Proposition 8 and the Education Debate

by Nithya Joseph

Currently in California, heated debate after the November 4th referendum on Proposition 8 is ongoing and relentless. Proposition 8, which specif[ies] that only marriage between a man and a woman is valid or recognized in California1, passed with approximately a 52% majority2. Opponents of the proposition are up in arms, and protests of thousands of people have already been held across the state.

One might easily be confused as to why the voters of California, typically seen as progressive, would favor amending its constitution to eliminate same sex marriage. Although there are many factors, some analysts believe a major reason why the proposition passed had to do with education3. Although education is never mentioned in the proposition itself, supporters of the ban drew links to public education during the campaign.

According to the California Education Code (EC) §51933, educational institutions which choose to teach comprehensive education must teach respect for marriage and committed relationships. Because ninety-six percent of California school districts do choose to offer this instruction, supporters of the ban make the case that the concept of same sex marriage could be presented to children as early on as kindergarten in almost every district in the state4.

The Yes on 8 campaign a group in favor of the amendment to ban same sex marriage makes the claim that the legality of same sex marriage will impact daily standardized curriculum as well. Chip White, a spokesperson for Yes on 8, provided an example of a math word problem that described a boys two mothers going to a store; he used the example as a case where same sex marriage could be integrated into any or all core subjects in schools.

Despite the efforts of Yes on 8, major figures in the states education system believe the ties between Proposition 8 and the public school system to be incredibly weak. The California State Board of Education President, Ted Mitchell, as well as California Superintendent of Public Instruction, Jack OConnell, and his predecessor, Delaine Eastin, have all stated that Proposition 8 would not have had any impact on educational instruction in the classroom. Mitchell expressed disgust that Yes on 8 imputed an educational impact to the proposition, calling it political campaigning at its worst5.

In response to the educational concerns raised by the supporters of Proposition 8, opponents of the proposition remind voters of the actual statute within the states Education Code, which addresses this issue. EC §515506, which pertains directly to sex education, reserves the right for parents to know what is being taught in their childrens classrooms and to be able to remove their children from any lessons they feel conflict with their personal beliefs. But, it must remain clear that in most other subject areas parents rarely have the right to change the curriculum or pull their child out of a lesson7.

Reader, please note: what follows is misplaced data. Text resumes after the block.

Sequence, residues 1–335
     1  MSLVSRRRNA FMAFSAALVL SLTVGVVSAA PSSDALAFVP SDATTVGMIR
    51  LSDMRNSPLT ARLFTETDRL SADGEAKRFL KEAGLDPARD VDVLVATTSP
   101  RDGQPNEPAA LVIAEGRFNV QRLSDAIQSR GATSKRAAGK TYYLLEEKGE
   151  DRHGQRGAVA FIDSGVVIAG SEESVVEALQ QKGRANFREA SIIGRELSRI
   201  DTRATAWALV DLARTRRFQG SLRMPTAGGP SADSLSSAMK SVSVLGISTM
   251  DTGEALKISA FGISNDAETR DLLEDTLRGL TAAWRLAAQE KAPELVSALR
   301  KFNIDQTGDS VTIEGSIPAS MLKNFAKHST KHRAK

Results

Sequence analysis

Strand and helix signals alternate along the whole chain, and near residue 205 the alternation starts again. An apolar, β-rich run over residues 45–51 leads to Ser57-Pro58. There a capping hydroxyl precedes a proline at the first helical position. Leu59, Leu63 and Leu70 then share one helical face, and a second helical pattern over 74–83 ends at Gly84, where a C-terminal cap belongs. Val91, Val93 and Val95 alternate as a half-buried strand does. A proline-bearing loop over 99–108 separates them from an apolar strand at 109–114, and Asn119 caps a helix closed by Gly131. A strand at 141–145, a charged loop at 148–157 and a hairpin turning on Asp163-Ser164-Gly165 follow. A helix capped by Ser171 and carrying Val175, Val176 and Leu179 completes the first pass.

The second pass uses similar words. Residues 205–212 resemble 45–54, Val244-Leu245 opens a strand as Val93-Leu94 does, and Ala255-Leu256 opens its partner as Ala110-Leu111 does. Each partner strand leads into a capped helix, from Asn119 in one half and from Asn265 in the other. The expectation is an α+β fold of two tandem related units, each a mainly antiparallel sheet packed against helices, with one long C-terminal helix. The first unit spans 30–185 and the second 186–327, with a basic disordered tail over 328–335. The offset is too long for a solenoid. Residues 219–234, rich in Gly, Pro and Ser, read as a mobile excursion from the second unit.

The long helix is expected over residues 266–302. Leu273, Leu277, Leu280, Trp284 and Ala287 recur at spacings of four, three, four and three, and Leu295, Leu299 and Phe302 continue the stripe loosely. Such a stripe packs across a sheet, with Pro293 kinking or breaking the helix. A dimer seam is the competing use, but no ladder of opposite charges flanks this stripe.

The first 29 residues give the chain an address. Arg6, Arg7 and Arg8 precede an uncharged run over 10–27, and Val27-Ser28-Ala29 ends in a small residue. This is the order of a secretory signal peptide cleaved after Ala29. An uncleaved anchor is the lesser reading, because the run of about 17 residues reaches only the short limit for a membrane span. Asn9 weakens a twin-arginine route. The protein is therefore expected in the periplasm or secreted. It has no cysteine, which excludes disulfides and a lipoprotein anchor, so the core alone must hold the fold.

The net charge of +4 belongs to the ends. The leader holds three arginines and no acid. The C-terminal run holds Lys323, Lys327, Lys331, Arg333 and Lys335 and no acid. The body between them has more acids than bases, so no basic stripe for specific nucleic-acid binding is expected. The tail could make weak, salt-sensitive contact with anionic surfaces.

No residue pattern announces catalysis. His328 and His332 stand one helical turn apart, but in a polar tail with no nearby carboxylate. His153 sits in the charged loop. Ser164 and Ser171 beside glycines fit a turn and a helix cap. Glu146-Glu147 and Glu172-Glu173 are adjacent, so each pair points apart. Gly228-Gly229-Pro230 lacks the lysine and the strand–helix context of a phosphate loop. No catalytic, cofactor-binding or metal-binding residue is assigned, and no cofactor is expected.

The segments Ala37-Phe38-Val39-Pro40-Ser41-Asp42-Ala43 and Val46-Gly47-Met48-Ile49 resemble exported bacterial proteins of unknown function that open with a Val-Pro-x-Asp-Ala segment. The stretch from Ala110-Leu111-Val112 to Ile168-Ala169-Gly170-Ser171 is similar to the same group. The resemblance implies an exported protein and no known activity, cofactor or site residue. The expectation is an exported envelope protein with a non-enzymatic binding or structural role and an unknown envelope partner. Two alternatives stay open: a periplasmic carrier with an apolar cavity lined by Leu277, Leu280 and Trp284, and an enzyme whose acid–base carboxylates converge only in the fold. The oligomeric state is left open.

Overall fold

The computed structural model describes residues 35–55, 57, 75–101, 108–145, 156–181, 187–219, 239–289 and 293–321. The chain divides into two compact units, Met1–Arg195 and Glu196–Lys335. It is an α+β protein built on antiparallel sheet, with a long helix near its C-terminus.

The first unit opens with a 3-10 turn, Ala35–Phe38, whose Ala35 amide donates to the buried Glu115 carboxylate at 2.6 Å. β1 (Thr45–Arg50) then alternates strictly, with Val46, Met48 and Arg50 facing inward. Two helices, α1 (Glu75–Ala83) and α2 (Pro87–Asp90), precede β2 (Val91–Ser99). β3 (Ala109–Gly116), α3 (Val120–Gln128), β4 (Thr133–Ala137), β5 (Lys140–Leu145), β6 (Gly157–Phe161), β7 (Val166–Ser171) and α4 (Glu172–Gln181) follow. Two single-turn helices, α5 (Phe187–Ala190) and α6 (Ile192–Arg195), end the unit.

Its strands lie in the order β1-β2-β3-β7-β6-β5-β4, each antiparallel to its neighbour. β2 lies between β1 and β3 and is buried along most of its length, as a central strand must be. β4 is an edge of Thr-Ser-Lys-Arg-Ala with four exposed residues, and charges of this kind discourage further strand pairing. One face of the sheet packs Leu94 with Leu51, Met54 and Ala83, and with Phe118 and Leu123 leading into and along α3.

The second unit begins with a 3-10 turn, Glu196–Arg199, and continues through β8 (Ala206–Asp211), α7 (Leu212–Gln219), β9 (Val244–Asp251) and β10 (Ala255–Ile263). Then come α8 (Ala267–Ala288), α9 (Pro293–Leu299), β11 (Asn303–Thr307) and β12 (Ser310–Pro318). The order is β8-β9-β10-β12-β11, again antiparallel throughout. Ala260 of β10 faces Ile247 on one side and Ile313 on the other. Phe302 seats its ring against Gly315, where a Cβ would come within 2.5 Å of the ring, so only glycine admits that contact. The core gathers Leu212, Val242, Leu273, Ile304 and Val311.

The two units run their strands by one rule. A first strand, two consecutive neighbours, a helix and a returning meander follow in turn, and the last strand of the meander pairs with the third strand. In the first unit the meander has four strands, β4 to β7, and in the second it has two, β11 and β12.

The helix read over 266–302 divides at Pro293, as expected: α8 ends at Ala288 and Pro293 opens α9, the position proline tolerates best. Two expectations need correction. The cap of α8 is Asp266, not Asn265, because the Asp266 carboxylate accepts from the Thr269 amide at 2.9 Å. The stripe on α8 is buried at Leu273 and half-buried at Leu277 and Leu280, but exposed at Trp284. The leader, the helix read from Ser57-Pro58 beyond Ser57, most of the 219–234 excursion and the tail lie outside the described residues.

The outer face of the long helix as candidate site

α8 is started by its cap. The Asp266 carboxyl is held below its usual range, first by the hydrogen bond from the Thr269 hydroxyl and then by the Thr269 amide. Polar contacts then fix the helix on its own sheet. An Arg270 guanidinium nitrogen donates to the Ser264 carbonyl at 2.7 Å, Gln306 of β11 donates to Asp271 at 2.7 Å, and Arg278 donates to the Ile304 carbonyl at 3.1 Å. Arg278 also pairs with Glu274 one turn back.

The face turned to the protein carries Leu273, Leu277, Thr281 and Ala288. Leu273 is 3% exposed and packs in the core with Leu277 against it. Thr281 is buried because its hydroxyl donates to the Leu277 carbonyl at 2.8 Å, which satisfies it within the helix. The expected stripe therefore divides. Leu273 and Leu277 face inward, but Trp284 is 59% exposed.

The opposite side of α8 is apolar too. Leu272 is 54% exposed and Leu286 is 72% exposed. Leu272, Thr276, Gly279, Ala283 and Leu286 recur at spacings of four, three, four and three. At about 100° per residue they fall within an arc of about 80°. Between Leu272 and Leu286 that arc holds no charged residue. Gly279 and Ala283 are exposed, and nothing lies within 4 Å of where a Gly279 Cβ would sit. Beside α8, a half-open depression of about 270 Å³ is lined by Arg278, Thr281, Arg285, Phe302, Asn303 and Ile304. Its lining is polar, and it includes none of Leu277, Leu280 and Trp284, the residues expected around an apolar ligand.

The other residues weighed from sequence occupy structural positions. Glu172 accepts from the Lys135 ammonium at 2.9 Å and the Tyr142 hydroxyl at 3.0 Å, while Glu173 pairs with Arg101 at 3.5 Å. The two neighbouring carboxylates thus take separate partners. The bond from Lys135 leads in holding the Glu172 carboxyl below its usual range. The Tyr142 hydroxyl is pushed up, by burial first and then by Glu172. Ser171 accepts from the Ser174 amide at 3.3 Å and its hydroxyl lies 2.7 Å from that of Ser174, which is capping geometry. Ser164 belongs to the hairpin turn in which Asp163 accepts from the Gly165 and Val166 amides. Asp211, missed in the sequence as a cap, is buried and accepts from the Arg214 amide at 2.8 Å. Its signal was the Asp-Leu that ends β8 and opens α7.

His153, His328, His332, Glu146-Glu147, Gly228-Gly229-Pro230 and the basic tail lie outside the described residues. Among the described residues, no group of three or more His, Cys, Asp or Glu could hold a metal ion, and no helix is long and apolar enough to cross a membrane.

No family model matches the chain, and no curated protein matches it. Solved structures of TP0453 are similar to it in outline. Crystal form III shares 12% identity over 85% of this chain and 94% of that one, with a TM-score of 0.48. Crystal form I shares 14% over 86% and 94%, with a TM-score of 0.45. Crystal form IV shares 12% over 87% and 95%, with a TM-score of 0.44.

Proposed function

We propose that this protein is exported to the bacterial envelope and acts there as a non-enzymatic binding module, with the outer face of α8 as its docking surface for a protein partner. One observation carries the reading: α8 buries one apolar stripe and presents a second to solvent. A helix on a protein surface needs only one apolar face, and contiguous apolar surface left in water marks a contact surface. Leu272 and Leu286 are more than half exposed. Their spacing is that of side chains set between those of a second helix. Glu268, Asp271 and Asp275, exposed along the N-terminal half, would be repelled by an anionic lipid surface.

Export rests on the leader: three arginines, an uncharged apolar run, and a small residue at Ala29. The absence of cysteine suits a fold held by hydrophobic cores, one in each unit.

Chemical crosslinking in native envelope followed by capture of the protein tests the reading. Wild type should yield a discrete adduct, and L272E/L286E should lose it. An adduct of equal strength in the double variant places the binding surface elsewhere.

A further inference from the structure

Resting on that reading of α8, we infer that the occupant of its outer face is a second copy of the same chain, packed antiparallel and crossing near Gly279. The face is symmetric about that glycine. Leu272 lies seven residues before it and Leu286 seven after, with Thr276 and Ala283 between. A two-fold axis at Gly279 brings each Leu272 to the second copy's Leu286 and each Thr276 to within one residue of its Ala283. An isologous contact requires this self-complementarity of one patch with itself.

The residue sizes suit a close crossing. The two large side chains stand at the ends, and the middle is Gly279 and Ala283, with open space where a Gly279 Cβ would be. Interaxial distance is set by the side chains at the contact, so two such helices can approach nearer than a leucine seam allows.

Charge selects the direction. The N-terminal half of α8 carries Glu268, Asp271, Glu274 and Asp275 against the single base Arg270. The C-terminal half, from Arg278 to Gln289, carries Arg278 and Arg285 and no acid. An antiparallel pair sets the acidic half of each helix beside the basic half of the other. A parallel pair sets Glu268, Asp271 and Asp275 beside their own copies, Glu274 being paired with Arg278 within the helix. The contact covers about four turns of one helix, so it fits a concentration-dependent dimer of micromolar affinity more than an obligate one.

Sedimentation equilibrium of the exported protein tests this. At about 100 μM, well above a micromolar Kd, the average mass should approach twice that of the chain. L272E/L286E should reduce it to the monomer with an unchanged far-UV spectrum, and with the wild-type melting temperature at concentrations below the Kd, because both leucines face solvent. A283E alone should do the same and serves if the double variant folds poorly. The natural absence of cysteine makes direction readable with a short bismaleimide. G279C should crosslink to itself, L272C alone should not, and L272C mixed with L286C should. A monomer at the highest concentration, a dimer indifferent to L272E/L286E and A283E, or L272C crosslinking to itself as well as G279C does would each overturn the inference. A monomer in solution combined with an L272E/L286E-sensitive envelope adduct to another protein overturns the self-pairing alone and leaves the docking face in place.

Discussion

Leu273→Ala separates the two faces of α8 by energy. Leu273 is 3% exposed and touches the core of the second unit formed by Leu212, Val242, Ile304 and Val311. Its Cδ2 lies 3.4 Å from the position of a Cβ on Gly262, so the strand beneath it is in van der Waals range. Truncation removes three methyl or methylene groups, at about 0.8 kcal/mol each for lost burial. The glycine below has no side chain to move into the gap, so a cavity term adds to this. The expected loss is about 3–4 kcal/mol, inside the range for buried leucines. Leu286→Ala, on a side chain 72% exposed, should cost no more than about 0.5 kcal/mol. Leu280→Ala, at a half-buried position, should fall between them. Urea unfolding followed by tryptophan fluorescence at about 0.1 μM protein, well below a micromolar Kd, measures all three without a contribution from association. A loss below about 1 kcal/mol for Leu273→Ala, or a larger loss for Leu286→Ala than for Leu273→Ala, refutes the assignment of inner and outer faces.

The connection between education and same sex marriage is far from solid. Considering that Proposition 8 never mentions education, the rationale that teachers across the state will suddenly incorporate examples of homosexual marriage is unlikely. While it is true that some parents would find it hard to pull their children out of individual lessons if teachers began changing their lessons to incorporate examples using same sex marriage in English, math, and history, it is hard unlikely that lesson plans across the state will change. Nevertheless, the supporters for Proposition 8 made their case, and judging from the results of the election, that case was made loud and clear. The strategy to shift the debates focus from same sex marriage to children and their education made the debate very personalized. Wagner Johnson, a Republican political consultant, remarked in an interview with the Los Angeles Times that it was masterful of the campaign to raise the implications of what it could mean in terms of the school system&[voters originally may have been] thinking that as long as it doesnt affect me, do what you want, but the supporters shifted the focus to children8. The tactic changes the focus of the debate for many voters. As soon as the implications of educational instruction entered the discussion, people paid less attention to equal rights and more to the protection of their childrens educational experience. Either side can argue the merits of framing Proposition 8 this way, but few can dispute the fact that this strategy was a major reason why Proposition 8 passed on November 4th.

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1 Proposition 8: Limit on Marriage. Constitutional Amendment (submitted July 17, 2008) Legislative Analyst Office: Californias Nonpartisan Fiscal and Policy Advisor. Retrieved November 11, 2008, from

2 Morain, D. & Garrison, J. (2008, November 6). Backers Focused Prop. 8 Battle Beyond Marriage. Los Angeles Times, located:,0,7899034,full.story

3 A Lesson about Prop. 8. (2008, October 21). Los Angeles Times, located:,0,7164183.story

4 Frequently Asked Questions. Retrieved November 11, 2008, from California Department of Education Web site:

5 State Education Officials Slam New Ads for Prop. 8 (2008, October 21). CBS Channel 5, located:

6 Proposition 8. (2008). Ballotpedia. Retrieved November 10, 2008, from:

7 Question & Answer Guide on Californias Parental Opt-Out Statues: Parents and Schools Rights and Responsibilities Regarding Public School Curriculum. California Safe Schools Coalition. Retrieved November 11, 2008, from

8 Morain, D. & Garrison, J. (2008, November 6). Backers Focused Prop. 8 Battle Beyond Marriage. Los Angeles Times, located:,0,7899034,full.story

Email Nithya Joseph at



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